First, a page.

"This country was founded based on the premise that people didn't want the government telling them what to do," Adams, the surgeon general, recently told Business Insider. "And that's just a historical fact. And we always will struggle in the United States when we try to compel, by government fiat, people to do things that they don't understand why they should be doing them."

Perhaps there's no better example of this than the saga of the anti-vaxx leader Andrew Wakefield. After the British doctor was discredited for falsely linking vaccines and autism and spreading fear globally, the UK's General Medical Council in London said Wakefield had acted unethically, and his UK medical license was revoked.

But by then, Wakefield had already moved to the US. He's set up shop in Austin, Texas, where childhood vaccination rates have plummeted.

Anti-vaxx and anti-mask sentiments are built on a scaffolding of privilege

Like resistance to vaccination, anti-mask sentiment is privilege at work.

People who live in communities that have never been exposed to deadly, vaccine-preventable diseases such as measles are similar to people who don't see the atrocities of COVID-19 because they don't work on the front lines of the fight to control the pandemic.

Both can wrongfully assume that they're not at risk of serious illness because they're not exposed, or think the threat is not as deadly as people say. But they're wrong.

In 2015, a 28-year-old immunocompromised woman in Washington state died of a measles infection. Her mother said she was vaccinated as a child, but her health status — and decreasing vaccination rates in the area — put her at a much higher risk.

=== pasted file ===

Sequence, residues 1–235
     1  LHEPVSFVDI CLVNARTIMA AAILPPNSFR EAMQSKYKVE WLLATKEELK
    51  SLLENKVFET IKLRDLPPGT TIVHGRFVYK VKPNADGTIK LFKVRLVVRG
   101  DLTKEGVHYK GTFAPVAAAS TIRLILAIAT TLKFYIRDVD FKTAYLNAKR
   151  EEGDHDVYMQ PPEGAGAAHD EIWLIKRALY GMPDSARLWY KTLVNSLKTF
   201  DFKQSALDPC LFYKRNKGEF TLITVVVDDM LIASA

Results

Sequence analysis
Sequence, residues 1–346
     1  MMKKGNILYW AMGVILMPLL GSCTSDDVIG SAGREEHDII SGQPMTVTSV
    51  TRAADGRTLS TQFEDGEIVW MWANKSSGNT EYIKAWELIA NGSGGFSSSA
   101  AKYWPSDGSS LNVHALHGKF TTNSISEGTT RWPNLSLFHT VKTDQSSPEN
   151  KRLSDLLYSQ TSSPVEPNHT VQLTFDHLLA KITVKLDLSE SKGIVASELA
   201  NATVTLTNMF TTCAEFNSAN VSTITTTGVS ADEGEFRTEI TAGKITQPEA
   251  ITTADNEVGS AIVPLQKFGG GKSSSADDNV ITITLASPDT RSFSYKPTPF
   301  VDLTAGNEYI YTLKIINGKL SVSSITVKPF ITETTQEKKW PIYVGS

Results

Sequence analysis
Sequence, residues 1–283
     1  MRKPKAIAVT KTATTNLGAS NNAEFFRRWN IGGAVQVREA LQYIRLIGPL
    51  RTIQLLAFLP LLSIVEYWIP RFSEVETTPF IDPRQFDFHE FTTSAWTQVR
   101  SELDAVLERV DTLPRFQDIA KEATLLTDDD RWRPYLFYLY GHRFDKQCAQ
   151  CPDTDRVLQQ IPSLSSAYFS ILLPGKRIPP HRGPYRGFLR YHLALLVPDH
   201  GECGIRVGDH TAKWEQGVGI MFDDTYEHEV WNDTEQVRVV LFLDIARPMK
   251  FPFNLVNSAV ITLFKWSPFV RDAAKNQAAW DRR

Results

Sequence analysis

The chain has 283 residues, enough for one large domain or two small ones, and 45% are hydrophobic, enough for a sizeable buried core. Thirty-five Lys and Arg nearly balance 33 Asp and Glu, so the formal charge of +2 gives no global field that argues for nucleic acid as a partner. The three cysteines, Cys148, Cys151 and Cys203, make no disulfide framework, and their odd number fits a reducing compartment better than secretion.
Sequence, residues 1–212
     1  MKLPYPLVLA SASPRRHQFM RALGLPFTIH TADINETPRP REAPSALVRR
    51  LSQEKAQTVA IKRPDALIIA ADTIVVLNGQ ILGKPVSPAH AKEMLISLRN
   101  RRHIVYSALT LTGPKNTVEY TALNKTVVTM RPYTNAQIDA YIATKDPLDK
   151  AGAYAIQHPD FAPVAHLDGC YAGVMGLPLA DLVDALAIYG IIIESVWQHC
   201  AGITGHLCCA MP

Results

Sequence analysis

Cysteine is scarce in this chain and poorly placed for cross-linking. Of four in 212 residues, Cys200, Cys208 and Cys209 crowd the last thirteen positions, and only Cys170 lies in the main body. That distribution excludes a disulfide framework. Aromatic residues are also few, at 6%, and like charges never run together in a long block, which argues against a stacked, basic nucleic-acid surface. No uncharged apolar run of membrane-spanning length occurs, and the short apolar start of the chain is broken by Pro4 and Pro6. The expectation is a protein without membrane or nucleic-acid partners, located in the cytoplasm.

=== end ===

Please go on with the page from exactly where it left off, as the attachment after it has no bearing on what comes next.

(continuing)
COVID-19 is killing Americans young and old, poor and wealthy. Some people spend months battling the disease.

Will anti-maskers gain steam or fade away?

As more than 1,000 Americans die from the coronavirus every day, there's been a distinct shift in tone. More people have, out of desperation, embraced wearing masks.

Research has suggested that, without a vaccine, if everyone in the US were to put on a mask to go out in public, 33,000 lives could be saved by November.

Trump acknowledged for the first time last week that the mounting toll of the virus would "probably, unfortunately, get worse before it gets better." He then produced his own mask.

His about-face could shift the needle, despite the emotional tug of anti-vaxx voices like Buttar's and Bigtree's.

"Public opinion tends to take cues from political leaders that share your views," Cary Funk, the director of science and society research at the Pew Research Center, told Business Insider. "I would see the mask-wearing, in particular, as another example of that."

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Mourners at a service for a family member who died of the coronavirus in Texas. Carolyn Cole/Los Angeles Times via Getty Images

But while polls have indicated that most Americans understand that masks are a necessary part of pandemic life, health officials know that the American drive to live free or die will always push against orthodoxy in the US. Anti-maskers might fade into the background, their ranks swelling and receding much as the anti-vaxxers have over the years, but they will never quite disappear.

The irony is that "living free" by not wearing a mask is accelerating the road to death and hindering the path toward truly living free — taking a spontaneous vacation, belting out your favorite song at a concert, or shooting the breeze with strangers in a bar.

As the White House counselor Kellyanne Conway recently put it in an interview with Fox News: "To all these people out there who are resisting wearing a mask: Listen, folks, it costs nothing, it takes two seconds, and you'll get your liberties back sooner if you wear your mask."

Read the original article on Business Insider